Skip to main content

Can a Fire Stop The Falcon Wing Doors on a Tesla Model X?

A video has surfaced on Youtube that contains pictures of a head-on collision of a Tesla Model X. The pictures show both cars on fire so the source of the fire’s origin is in question. The crash happened in February in a city in China and Tesla is reviewing the circumstances around it. But the question remains as to can a fire stop the Falcon Wing Doors from opening on a Tesla?

Presently the video describes the incident as follows: The driver of the Tesla Model X was a chauffeur and he was driving two passengers to their destination. Once the fire started, the two in the rear seats could not get the Falcon Wing doors to open. As a result, they say, they climbed out the front window to escape the blaze that engulfed the car shortly after they managed to get free from the car.

You can see the video here:

So the owner of the car and her boyfriend are seated in the rear seats next to the Falcon Wing Doors and after the crash state, they tried to open the doors but couldn’t. As a result of their trouble, the owner of the car is suing for $8,000,000 Chinese Yuan. The video also states that the Falcon Wing doors have an emergency latch located behind the speaker cover however that information is not located in the owner’s manual but only in a publication for first responders so the video claims that it is quite understandable that the passengers would not know of the emergency escape latch in the rear seat of the car.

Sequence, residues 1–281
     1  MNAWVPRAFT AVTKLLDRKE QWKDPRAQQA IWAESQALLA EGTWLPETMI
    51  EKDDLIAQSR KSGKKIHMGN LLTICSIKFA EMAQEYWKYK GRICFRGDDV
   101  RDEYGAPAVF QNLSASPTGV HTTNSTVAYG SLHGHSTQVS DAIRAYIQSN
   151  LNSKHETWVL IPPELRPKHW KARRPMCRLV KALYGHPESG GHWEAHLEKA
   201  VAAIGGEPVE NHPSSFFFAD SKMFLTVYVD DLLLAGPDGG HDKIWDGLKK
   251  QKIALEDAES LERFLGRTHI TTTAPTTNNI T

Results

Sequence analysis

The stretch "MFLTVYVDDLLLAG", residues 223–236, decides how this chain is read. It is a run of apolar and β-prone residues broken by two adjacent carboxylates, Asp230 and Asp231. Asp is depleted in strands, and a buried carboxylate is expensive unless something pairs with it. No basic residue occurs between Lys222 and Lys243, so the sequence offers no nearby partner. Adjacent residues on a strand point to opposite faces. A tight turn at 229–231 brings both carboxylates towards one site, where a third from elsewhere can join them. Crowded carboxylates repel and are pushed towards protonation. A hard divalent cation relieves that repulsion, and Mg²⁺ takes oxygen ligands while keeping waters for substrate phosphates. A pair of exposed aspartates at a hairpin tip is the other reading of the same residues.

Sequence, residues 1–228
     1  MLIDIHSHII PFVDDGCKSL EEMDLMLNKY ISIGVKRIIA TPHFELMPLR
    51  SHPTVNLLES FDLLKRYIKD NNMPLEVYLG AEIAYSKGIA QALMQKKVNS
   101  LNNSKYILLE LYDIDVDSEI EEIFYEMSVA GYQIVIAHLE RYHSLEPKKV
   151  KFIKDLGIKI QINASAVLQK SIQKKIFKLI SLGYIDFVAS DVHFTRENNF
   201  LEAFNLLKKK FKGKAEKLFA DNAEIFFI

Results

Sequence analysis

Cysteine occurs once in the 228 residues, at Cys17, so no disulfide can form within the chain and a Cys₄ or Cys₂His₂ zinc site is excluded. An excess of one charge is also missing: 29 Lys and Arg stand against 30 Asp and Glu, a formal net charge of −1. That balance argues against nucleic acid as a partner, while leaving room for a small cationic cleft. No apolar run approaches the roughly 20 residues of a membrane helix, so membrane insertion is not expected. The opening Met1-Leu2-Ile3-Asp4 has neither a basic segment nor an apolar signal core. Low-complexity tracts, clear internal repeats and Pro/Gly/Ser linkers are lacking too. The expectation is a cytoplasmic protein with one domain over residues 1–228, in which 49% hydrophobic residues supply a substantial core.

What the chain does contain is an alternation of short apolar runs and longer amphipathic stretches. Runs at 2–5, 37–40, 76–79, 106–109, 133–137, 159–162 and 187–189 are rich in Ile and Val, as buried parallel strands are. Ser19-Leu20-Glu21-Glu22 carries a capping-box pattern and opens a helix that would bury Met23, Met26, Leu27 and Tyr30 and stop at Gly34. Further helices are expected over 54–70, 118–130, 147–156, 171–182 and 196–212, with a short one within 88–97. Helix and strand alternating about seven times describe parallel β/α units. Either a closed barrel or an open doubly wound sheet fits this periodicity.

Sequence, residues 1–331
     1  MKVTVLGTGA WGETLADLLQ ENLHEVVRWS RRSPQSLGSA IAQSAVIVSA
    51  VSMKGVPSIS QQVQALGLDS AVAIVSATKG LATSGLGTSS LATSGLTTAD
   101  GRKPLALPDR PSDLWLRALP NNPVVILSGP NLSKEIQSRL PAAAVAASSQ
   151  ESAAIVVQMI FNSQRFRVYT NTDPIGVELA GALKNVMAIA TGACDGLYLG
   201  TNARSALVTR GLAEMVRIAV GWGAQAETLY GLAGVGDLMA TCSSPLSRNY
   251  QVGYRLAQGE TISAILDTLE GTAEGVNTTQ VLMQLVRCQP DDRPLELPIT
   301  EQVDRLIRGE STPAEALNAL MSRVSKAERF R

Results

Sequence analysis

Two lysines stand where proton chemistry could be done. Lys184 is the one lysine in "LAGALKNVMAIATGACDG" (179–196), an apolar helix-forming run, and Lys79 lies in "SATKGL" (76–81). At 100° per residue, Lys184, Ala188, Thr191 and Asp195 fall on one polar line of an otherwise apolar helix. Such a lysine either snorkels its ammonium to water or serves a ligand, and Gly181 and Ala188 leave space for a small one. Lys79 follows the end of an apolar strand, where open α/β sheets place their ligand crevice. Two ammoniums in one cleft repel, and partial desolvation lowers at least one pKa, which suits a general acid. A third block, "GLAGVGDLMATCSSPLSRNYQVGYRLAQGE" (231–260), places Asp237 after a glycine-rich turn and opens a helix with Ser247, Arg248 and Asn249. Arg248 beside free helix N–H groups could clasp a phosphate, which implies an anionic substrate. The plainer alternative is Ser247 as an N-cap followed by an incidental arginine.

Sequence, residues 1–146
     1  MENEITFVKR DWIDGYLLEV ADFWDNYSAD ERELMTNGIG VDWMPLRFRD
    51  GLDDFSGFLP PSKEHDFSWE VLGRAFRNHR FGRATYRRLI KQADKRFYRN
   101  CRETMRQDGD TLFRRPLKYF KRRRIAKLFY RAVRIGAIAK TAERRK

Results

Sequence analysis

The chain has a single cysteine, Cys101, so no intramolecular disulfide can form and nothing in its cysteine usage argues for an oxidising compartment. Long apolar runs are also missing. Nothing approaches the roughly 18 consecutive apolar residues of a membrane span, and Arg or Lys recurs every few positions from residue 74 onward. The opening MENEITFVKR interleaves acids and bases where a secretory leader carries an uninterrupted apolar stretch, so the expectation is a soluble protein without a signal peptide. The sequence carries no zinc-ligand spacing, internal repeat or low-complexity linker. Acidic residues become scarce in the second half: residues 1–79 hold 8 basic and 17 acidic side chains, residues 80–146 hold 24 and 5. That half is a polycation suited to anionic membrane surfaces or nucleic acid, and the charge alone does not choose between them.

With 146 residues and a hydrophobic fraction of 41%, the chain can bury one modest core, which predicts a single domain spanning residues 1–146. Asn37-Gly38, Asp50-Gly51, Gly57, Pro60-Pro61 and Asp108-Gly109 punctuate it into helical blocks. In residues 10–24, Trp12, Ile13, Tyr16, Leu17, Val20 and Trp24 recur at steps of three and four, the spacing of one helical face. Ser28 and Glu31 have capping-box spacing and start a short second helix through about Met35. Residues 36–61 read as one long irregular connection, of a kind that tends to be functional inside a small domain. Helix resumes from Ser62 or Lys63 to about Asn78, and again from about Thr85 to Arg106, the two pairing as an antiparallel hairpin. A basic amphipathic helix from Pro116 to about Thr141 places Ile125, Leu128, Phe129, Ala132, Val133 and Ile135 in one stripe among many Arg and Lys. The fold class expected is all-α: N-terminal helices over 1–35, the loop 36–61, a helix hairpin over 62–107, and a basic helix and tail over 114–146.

The passenger of that Model X stated she received a broken nose and cut lip that required 20+ stitches and that the driver had to be hospitalized for 40 days as a result of the accident.

In general, Tesla cars have been much less likely to be involved in a fire than gasoline cars and in this case, it is inconclusive whether or not the fire was started by the Tesla. The question is, in the event of a fire externally or internally, will it prevent passengers from exiting the car if stuck in the rear of the car. While the car does have safety manual Falcon Wing Door latches, are the consumers adequately notified of the location of these latches?


Mark Wright (not verified)    April 30, 2017 - 2:23AM

Interesting that fire is burning a lot of flammable substance on the car roof and throughout. But there is no fuel in a Tesla. Just a large battery that could burn ftom the bottom if shorted. Something smells foul here, like gasoline.....